d. In 2017, Eric Cheruiyot and Others filed two ELRC Petitions challenging the Constitutionality of Section 43(5) of the Elections Act on grounds of infringement of right to participate in elections, discrimination, exclusion, and labour rights amongst others. In summation, the ELRC Court allowed the Petition and declared Section 43(5) of the Elections Act unconstitutional. The Respondents appealed vide Civil Appeal Nos. 119 and 139 of 2017 on the premise that the issue of interpretation of constitutionality of the impugned Section was res judicata, having been determined in Charles Omanga in finality, and that the ELRC accorded itself jurisdiction vested on the High Court. In the preliminary, the Court of Appeal granted a stay of the execution of the judgment of the ELRC pending appeal.
11. The Respondent posited that following the foregoing, various Courts, albeit unaware of the Appeal, have proceeded to apply the judgment in Eric Cheruiyot like in Kennedy Irungu Ngodi & Another V Mary Waithera Njoroge  eKLR; to the effect that the issue of unconstitutionality of the impugned section had been upheld without any appeal thereto.
12. The Respondent drew the Court’s attention to Section 7 of the Civil Procedure Act, 2010, which provides for the criteria of whether a matter is res judicata. It was argued that is settled that the Applicant must demonstrate that: -
(a. the issue in a current suit must have been decided by a competent court;
(b. it must be directly or substantially in dispute between the parties in the suit;
(c. the parties in the former suit should have been the same in the current suit or parties under whom or any of them claim or are litigating.
13. According to the Respondent, the Charles Omanga Petition was filed by public-interest litigants challenging the constitutionality of the impugned section. In their description, the Petitioners therein averred that that they were ‘ordinary citizens’ litigating on public interest. The Petitioners then averred that they were concerned that the pool of their desired candidate would be limited by the application of the impugned section, thereby curtailing their right to participate in free and fair elections, amongst others.
14. The Respondent herein argued further that the Petitioners in Charles Omanga case averred that the requirement for resignation under the impugned section ‘would affect the exercise of their rights under Article 38 of the Constitution to vote in a free and fair, even playing field and to vote for a candidate or candidates of their choice and be voted for if the wish to vie for positions.’.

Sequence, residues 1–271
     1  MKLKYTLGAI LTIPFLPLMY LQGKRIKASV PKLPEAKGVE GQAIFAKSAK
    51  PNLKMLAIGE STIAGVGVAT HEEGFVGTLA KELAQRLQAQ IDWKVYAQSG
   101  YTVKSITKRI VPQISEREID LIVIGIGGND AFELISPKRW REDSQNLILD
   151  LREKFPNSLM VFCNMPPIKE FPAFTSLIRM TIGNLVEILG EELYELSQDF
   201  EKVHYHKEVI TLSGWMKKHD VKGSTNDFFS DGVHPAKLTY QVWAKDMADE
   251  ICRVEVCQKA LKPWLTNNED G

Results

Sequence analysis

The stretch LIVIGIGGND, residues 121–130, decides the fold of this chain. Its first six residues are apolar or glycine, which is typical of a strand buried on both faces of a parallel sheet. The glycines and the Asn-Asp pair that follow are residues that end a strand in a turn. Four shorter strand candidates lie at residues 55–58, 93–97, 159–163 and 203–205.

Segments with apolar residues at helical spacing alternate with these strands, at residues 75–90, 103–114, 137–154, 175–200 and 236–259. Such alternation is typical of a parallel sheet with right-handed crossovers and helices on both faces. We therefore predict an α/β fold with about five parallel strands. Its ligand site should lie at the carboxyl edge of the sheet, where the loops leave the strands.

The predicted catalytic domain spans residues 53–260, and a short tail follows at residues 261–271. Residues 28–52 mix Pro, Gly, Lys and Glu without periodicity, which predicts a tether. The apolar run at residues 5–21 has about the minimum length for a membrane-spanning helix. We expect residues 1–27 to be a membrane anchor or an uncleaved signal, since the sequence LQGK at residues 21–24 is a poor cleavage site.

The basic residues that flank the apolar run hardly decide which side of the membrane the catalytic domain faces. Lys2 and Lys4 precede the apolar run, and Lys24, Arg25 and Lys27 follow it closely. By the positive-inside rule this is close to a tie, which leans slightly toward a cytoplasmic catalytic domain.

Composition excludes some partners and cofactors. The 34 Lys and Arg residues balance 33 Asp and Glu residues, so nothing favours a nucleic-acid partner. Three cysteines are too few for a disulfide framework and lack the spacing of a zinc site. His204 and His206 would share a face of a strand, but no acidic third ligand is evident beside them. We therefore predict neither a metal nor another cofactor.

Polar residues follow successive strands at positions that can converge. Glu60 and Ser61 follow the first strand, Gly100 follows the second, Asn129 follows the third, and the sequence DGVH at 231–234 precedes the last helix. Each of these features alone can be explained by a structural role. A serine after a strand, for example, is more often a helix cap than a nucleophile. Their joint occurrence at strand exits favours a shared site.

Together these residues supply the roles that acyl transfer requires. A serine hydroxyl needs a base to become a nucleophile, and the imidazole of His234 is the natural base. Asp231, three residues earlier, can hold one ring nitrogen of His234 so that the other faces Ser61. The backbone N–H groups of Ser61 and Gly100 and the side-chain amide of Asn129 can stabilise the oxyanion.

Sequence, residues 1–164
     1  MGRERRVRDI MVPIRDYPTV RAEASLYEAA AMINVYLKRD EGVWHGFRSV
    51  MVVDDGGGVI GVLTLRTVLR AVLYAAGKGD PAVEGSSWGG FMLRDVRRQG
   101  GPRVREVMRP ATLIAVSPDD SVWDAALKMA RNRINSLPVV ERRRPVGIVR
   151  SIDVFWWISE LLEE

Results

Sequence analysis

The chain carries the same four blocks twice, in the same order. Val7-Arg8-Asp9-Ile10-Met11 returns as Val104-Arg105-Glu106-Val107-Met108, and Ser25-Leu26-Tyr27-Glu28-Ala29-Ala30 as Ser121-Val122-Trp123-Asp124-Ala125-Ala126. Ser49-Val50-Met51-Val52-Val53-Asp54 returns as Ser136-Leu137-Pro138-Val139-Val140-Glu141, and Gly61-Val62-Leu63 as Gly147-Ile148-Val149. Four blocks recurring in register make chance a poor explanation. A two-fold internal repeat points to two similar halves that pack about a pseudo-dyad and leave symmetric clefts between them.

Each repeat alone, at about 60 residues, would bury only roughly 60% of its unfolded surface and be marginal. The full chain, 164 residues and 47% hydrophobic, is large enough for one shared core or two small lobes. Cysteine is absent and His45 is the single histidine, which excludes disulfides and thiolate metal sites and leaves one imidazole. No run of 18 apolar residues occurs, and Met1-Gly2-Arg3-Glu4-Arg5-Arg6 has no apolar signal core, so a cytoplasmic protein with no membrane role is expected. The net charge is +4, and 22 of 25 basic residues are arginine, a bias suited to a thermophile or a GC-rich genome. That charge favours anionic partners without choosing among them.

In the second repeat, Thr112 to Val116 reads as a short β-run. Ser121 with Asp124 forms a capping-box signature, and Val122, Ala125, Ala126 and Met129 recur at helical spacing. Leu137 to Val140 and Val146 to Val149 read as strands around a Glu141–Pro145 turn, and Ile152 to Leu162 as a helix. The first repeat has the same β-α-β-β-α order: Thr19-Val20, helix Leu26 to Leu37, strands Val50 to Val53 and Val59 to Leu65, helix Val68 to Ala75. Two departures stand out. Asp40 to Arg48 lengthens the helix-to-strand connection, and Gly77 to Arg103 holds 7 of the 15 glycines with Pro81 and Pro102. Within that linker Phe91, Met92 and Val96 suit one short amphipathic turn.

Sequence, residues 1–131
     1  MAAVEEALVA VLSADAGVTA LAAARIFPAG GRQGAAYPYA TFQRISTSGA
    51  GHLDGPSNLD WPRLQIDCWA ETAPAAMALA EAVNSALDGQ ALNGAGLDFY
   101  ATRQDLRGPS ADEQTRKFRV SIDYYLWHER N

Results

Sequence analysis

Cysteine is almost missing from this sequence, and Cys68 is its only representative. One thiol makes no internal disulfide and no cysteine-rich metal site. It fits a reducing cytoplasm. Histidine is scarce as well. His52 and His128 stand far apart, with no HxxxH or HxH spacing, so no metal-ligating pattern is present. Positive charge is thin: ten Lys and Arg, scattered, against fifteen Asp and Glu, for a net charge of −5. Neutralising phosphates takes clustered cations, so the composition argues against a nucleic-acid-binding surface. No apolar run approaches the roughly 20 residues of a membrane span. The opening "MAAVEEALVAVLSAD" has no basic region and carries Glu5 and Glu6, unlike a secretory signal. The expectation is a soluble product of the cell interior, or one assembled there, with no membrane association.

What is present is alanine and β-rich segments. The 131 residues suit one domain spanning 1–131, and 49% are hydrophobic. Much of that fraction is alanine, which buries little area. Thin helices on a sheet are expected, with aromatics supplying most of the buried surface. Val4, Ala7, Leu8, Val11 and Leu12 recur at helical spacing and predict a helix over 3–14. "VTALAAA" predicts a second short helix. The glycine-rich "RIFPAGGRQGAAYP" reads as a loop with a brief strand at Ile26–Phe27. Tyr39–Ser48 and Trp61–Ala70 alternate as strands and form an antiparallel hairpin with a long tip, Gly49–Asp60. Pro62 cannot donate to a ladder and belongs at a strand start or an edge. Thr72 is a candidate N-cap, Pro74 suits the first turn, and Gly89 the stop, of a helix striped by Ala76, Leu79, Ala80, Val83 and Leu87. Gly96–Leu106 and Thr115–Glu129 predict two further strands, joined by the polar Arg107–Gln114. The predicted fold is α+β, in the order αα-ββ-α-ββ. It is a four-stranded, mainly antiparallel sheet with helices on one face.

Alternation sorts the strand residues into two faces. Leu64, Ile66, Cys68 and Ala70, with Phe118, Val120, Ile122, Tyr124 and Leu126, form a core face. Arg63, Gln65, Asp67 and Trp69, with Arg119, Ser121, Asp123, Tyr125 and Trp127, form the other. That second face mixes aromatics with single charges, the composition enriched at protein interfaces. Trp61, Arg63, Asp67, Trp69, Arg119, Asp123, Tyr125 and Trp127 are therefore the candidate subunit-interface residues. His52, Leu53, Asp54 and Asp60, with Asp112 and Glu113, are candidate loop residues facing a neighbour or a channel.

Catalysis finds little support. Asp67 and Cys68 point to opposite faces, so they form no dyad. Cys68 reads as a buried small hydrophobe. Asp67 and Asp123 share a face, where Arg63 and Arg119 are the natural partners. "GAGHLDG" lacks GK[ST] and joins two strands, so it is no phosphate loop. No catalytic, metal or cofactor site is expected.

15. According to the Respondent, the Court in considering the Petition concluded that the wholesome issue for determination was whether Section 43(5) of the Elections Act, 2011 was inconsistent with the rights and fundamental freedoms under the Constitution, particularly Article 27 on equality and non-discrimination.
16. It was the Respondent’s submission that there is commonality of the Petitioners in Charles Omanga and the current Petitioner is that both Petitions were filed by persons who described themselves as ‘ordinary citizens’ commonly concerned that their pool of candidates is limited by the impugned section and that the impugned section falls short of Article 27 and 38 of the Constitution and therefore unconstitutional, hence res judicata.
17. The Respondent further submitted that Courts have distinguished the requirement for res judicata in civil suits and Constitutional matters. In relation to Constitutional Petitions, it was submitted that the Petitioner need not be a direct party to the previous dispute, but it was sufficient to demonstrate that the initial dispute was one of public interest thereby there is a presumption that the dispute was litigated on behalf of the common good.
18. It was the Respondent’s further submission that the above argument was buttressed by Court of Appeal in John Njue Nyaga v Attorney General & 6 Others  eKLR where the Court held that: -
…. We are equally persuaded by the words of the Court of Appeal of Tanzania in LOTTA VS TANAKI& OTHERS  2 EA 556 (CAT) where the Court held as follows with regard to the doctrine of res judicata;
Its object is to bar multiplicity of suits and guarantee finality to litigation. It makes conclusive a final judgment between the same parties or their privies on the same issue by a court of competent jurisdiction in the subject matter of the suit”. Further that “a person does not have to be formally enjoined in a suit, but he will be deemed to claim under the person litigating on the basis of a common interest in the subject matter of the suit”. See also E.T VS ATTORNEY GENERAL &ANOTHER (2012) eKLR